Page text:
by Suvij Sudershan
This paper will analyze the nature of “nothing,” the manner in which the word “nothing” is employed, and the way “nothingness” is depicted in William Shakespeare’s Richard II (1595) and King Lear (1606). Richard II presents situations in which “nothing” is felt as an absence, and yet as a present absence in which a “nothing had begot … something” (Richard 2.2.37). Moreover, this “something” is an actual threat: in Richard II, “something” masquerades as “nothing,” and leads to a series of events culminating in Richard’s loss of the crown. Shakespeare complicates this understanding between “nothing” and “something” in Lear, as Lear believes that “[n]othing will become of nothing” (1.1.99). The characters in Lear perceive the absence of motives and threats amongst other opponents as “something,” and their suspicious natures lead to their eventual destructions. Moreover, while Richard’s experience of nothingness remains grounded in the “something” of his speech and mental abilities, Lear’s material and psychological nothingness in material and psychological terms translates to a nothingness in dialogue. The nuanced relationship between absence and presence illustrates a more realistic and psychologically complex conception of characterization in King Lear, since the characters actively manipulate, or are manipulated by, “nothingness.”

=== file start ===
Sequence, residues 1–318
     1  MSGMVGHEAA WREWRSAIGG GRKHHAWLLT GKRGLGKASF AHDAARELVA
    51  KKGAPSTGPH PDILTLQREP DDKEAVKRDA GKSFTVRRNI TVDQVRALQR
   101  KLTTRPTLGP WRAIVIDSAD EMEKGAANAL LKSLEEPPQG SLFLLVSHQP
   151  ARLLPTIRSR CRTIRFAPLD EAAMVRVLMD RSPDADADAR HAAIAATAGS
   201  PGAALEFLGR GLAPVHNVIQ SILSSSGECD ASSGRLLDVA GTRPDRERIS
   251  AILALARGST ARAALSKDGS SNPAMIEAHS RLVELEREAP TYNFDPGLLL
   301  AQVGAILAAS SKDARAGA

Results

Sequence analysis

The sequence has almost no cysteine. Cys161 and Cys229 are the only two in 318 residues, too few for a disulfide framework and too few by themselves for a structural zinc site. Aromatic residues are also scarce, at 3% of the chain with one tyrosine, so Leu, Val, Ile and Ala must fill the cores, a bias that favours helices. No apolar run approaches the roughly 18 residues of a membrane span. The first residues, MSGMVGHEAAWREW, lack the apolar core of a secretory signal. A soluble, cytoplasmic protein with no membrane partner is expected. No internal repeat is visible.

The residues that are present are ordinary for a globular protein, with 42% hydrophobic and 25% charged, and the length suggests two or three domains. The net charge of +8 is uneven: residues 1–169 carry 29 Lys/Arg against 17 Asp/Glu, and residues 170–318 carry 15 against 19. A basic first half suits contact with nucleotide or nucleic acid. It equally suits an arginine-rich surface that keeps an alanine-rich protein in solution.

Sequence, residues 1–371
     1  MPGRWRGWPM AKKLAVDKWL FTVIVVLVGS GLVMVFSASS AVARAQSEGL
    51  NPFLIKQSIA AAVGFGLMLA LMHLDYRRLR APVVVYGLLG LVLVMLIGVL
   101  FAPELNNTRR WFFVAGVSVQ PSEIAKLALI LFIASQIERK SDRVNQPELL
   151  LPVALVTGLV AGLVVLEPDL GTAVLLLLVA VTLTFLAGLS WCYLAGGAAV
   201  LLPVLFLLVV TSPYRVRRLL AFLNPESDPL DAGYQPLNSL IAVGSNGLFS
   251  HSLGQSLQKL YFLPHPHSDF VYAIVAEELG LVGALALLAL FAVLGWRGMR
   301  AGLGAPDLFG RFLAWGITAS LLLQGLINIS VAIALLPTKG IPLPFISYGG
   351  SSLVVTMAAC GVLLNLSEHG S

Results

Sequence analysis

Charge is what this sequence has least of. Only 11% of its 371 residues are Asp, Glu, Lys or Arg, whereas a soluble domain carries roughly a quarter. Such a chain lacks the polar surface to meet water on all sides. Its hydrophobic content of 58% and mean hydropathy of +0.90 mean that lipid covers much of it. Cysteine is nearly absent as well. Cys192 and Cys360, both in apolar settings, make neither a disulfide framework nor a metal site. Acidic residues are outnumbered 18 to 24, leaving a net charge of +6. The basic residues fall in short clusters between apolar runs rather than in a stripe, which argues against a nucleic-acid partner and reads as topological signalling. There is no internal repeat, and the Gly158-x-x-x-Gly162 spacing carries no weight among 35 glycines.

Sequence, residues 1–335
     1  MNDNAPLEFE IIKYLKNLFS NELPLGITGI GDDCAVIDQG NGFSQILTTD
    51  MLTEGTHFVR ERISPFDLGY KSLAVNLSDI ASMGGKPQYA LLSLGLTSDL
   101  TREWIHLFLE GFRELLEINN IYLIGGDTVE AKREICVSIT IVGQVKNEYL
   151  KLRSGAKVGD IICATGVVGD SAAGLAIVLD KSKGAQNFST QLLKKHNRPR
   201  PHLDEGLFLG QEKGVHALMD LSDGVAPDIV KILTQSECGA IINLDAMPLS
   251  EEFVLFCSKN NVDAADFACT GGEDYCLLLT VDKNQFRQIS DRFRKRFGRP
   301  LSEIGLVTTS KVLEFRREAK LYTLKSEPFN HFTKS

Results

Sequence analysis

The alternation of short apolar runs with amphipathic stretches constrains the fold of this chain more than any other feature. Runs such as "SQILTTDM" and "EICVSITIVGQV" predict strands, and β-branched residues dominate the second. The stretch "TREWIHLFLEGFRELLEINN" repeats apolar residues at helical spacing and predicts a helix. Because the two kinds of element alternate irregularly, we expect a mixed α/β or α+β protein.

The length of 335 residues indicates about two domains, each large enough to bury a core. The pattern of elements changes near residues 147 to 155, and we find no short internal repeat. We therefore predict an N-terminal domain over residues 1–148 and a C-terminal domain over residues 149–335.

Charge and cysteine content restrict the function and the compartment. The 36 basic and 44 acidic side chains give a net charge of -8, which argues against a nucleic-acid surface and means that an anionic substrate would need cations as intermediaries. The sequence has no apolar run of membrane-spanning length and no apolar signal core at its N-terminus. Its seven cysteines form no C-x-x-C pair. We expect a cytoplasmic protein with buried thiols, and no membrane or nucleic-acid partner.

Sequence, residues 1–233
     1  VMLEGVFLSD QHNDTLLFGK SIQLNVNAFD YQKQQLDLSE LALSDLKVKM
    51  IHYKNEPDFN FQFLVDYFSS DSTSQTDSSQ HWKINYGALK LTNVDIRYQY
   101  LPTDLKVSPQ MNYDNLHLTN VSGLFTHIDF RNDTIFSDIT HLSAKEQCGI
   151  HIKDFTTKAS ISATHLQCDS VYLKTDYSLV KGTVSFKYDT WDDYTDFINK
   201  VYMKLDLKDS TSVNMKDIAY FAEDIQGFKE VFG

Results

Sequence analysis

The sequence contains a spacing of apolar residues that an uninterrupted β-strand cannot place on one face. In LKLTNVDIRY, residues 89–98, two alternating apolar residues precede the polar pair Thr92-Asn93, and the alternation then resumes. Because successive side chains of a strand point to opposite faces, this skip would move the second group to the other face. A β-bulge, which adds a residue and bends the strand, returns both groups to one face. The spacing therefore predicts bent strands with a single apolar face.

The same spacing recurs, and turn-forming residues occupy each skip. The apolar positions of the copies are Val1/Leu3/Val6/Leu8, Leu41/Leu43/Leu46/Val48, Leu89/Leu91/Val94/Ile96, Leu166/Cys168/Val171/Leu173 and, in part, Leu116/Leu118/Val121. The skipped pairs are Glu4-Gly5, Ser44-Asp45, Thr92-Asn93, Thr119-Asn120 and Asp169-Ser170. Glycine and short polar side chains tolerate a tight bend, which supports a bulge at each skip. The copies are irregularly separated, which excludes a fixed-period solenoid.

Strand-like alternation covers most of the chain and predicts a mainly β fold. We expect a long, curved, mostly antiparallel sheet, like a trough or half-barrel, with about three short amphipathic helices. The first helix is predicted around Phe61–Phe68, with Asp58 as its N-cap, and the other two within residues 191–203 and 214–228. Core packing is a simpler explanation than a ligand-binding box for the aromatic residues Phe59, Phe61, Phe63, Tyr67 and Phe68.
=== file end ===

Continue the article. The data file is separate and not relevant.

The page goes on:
Richard II and King Lear both depict the usurpation of royalty and its effects on the monarch. In both plays, Kings Richard II and Lear have to adapt to their new identities as deposed monarchs, and cope with the tragedy of having been betrayed by their families. However, the two plays differently depict the manner in which the two kings arrive at their similar tragedies. Both Richard II and Lear involve detailed depictions of the roles that family members of the deposed monarchs play as the usurpation unfolds. In this regard, a comparison can be made between the characters of Aumerle, son of York ( Richard II), and Edmund, the illegitimate son of Gloucester (King Lear). Both Aumerle and Edmund plot intricate murders in which letters play a significant role. In Aumerle’s case, he is carrying a letter that details the plot to assassinate Henry Bolingbroke. When York asks Aumerle to “let [him] see the writing,” Aumerle brushes it off as “nothing” (5.2.63); yet when York snatches the letter from Aumerle, his desire to read the letter illustrates that it is not “nothing.” The assassination plot (“something”) masquerades as “nothing,” but York’s actions reveal the vital importance of “nothing” throughout King Lear.